$7,500.00

Nov 10, 2019

PSA 10 MISPRINT Shadowless First 1st Edition Dragonair Rare Pokemon Card Mint!

$4,000.00

Apr 27, 2014

1st Edition Shadowless Charizard 4/102 Pokemon Card PSA 10 MINT HOLY GRAIL!!!

$3,650.99

Apr 13, 2014

1999 Pokemon Game 1st Edition #4 Charizard Holo PSA 10 GEM MINT

$3,350.00

Sep 28, 2014

PSA 10 Ken Sugimori Charizard Signed Autographed Pokemon Card Auto Holo Promo

$3,200.00

Nov 18, 2019

1999 Pokemon Game 1st Edition #4 Charizard Holo PSA 10 GEM MINT

$3,050.00

Jul 10, 2014

Pokemon Card Gold Star PSA 10 GEM MINT ESPEON (POP 5) Rare

$3,000.00

Jun 22, 2014

PSA 10 1st Edition CHARIZARD Base Set Holo Shadowless Pokemon #4/102 Gem Mint

$2,800.00

Nov 07, 2012

POKEMON CARD " THICK " CHARIZARD HOLO 1ST EDITION * REAL PSA 10

$2,300.00

Oct 09, 2012

Types of Collectible Pokémon Cards

A fun and inexpensive way to start your collection is to choose a character and see how many cards you can collect that feature that character. If you desire to collect cards that have the best chance to increase in value over time there are five basic types that are normally considered the most valuable:

  1. Holofoil
  2. Secret
  3. 1st Edition
  4. Error
  5. Promo

1. Holofoil

Holofoils are found in the mass-produced sets and booster packs. The booster packs are sold with 11 each. Each card in the pack varies in its rarity and there should be one that is rarer than all the others. Approximately 1/3 of these rares are Holofoil.

Because these come from mass-produced sets, they are not as rare as some others and are usually considered the least valuable of the collectibles.

2. Secret

Secret are numbered higher than the number of cards that are available in the set. For example, a secret is numbered 103/102. These are very limited in number and are usually Holofoil. Secrets first appeared in the Team Rocket set with the addition of the Dark Raichu card number 83/82. Secrets are only found in booster packs. Each booster box contains 36 booster packs. There is an average of one or two secrets per box depending on the set or series.

3. First Edition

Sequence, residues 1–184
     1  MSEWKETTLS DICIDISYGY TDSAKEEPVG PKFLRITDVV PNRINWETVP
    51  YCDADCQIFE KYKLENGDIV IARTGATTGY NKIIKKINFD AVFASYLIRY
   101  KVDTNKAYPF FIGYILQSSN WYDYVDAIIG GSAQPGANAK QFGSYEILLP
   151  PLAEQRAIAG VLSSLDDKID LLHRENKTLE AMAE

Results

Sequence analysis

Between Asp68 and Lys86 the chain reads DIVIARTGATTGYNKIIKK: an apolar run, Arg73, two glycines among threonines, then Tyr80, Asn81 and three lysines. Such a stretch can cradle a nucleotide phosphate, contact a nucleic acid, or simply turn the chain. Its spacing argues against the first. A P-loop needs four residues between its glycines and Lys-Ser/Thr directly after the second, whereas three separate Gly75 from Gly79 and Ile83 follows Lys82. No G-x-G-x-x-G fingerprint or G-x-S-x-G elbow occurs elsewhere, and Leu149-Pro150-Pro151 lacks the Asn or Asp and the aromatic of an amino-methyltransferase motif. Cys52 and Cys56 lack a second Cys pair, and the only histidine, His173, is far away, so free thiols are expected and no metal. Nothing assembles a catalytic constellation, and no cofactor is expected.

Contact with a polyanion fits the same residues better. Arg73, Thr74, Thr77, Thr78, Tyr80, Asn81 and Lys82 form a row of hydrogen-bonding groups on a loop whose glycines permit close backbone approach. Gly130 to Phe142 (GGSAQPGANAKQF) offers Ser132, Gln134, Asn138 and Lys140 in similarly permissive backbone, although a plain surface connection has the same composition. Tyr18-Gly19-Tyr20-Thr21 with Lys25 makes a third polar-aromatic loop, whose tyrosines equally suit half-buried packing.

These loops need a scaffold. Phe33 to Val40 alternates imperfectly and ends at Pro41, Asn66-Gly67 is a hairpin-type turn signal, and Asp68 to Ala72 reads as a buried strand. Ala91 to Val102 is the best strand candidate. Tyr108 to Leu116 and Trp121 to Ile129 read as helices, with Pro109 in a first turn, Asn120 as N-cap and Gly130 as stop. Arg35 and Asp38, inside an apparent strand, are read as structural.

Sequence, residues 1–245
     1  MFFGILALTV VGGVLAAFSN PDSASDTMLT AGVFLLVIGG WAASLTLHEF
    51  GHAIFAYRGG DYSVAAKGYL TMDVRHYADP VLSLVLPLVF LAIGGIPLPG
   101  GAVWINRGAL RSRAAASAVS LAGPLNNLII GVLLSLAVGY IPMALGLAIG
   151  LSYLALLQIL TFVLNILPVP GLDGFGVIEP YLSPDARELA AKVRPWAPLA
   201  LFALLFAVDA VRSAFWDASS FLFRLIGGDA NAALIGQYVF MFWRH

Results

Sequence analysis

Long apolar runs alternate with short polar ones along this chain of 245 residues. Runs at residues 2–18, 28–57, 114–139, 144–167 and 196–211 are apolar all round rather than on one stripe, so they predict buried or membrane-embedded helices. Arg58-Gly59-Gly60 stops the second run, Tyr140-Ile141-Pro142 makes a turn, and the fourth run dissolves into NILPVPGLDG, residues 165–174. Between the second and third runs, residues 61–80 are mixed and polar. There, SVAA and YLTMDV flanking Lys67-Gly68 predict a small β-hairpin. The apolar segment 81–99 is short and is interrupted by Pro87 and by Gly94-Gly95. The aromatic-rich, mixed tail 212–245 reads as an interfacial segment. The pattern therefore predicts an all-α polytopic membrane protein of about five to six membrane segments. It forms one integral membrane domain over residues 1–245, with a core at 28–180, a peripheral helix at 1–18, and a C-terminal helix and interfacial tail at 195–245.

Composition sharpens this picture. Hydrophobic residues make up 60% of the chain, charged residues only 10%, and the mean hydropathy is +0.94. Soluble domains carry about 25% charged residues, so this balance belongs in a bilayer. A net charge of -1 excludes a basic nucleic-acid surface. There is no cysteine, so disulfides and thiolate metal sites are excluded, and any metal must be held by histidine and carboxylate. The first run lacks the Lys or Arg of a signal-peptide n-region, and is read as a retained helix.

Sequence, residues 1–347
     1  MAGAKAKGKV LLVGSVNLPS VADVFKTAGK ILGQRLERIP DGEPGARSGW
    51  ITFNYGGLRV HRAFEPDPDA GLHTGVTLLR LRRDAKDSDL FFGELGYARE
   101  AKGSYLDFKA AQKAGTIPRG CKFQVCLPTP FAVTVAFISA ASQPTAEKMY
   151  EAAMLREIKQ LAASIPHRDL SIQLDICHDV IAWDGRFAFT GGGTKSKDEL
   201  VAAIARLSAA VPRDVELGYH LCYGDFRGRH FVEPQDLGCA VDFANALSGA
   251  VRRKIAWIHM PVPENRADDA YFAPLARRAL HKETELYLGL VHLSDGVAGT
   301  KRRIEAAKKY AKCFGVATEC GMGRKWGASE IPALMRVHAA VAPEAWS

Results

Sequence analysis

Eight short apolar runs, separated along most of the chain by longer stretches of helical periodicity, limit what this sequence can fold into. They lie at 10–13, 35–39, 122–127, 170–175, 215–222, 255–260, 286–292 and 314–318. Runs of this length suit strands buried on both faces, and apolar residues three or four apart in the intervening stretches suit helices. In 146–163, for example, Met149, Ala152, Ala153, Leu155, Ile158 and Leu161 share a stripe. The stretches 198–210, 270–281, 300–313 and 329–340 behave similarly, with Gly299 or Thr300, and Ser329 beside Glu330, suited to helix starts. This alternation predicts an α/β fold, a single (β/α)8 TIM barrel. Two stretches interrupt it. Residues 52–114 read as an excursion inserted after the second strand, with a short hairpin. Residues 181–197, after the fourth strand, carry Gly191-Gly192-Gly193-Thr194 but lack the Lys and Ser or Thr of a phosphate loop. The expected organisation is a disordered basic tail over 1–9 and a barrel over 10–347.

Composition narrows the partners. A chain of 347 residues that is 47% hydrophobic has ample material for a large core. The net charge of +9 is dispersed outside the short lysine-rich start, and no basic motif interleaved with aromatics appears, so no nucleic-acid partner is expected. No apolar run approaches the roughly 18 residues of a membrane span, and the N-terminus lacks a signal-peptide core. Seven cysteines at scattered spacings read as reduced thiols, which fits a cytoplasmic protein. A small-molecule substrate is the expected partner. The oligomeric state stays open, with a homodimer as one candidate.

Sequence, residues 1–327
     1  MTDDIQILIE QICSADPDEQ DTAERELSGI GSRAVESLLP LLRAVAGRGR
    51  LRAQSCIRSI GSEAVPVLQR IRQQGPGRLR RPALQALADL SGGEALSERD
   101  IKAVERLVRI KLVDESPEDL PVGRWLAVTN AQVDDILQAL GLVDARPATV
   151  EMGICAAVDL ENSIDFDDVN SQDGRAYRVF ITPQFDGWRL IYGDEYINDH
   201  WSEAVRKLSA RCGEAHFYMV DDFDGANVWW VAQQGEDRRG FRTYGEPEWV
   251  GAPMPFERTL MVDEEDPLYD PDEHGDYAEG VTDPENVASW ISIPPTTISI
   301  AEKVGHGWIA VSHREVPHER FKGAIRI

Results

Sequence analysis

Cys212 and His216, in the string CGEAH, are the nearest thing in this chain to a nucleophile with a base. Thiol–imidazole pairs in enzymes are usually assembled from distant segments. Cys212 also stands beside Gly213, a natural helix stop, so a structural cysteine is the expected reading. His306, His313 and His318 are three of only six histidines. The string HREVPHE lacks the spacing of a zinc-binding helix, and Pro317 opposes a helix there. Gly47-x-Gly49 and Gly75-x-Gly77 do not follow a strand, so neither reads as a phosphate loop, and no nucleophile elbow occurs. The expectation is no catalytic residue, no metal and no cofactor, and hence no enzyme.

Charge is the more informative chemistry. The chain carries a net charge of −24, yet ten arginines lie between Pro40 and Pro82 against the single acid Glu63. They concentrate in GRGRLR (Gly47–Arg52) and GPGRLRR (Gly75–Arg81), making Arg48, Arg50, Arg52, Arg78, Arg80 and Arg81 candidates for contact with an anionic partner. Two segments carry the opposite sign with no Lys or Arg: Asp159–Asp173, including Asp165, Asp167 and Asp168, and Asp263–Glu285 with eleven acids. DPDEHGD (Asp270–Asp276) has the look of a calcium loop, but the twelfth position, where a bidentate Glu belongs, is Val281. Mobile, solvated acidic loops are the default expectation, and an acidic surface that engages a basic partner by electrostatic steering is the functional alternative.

These are the very first cards sold for each set. These have a special symbol on them showing it is a first edition. Because there is only a limited number of these made, they are usually much more valuable than their unlimited counterpart.

4. Error

Sometimes cards that have mistakes on them are produced and sold to the public before the factory realizes and corrects the mistake. These are known as errors.

Errors often have spelling errors, errors in the graphics, or incorrect or missing portions. Due to the limited number that is released to the public, these are often highly sought after and are highly collectible.

In the case of the Japanese Ancient Mew I card, the corrected version and not the error card is more valuable because there were far fewer corrected versions released compared to the error card.

5. Promo

Promos are created for a specific event. These vary in their rarity depending on the event or purpose of the card. Promos were never sold but were given away at special events or as part of a packaged product. Some of those events include movies, product releases at toy stores, tournaments, inserts in magazines, airline giveaways, inserts in CDs, and other products.

In rare cases, there are different Japanese versions of the same promo released. For example, the Japanese Ancient Mew Card had three different versions. The first one, known as the Japanese Ancient Mew I Error, contained a spelling error. The second was a corrected version of the Ancient Mew I card. It is far rarer than is the Ancient Mew Error I card. The third version is known as the Japanese Ancient Mew II Promo.

There was also an English version released in both North America and Internationally as a promotion for the movie "Pokemon: The Movie 2000". While this card is similar in appearance to the Japanese Ancient Mew II cards they are the least valuable of all the Mew Promo cards.

Gold Foil Stamp Promo

Sometimes you will find cards with gold foil stamps on them. These are promos that were included in magazines or special events.

Some of the more valuable gold foil promos you may wish to collect are:

  • 1999 "E3" Pikachu (red cheek)
  • 1999 "E3" Pikachu (yellow cheek)
  • 1999 "W" Pikachu (1st Edition)
  • 1999 "Gold Bordered" Meowth
  • 1999 "PRERELEASE" Clefable

Types of Promos

Promos are relatively easy to get when they are first released and usually increase in value over time because they have such a limited production time and supply. The following is a list of a few of the Promo types:

  • Black Star Promo
  • White Star Promo